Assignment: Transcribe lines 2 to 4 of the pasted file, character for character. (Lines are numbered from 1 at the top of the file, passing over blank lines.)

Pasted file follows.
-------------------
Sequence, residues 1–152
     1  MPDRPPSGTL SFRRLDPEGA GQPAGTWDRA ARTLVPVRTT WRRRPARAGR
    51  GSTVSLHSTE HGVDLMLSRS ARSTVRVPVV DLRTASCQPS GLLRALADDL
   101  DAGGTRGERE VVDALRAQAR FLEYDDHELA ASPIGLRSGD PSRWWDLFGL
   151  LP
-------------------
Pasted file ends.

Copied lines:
     1  MPDRPPSGTL SFRRLDPEGA GQPAGTWDRA ARTLVPVRTT WRRRPARAGR
    51  GSTVSLHSTE HGVDLMLSRS ARSTVRVPVV DLRTASCQPS GLLRALADDL
   101  DAGGTRGERE VVDALRAQAR FLEYDDHELA ASPIGLRSGD PSRWWDLFGL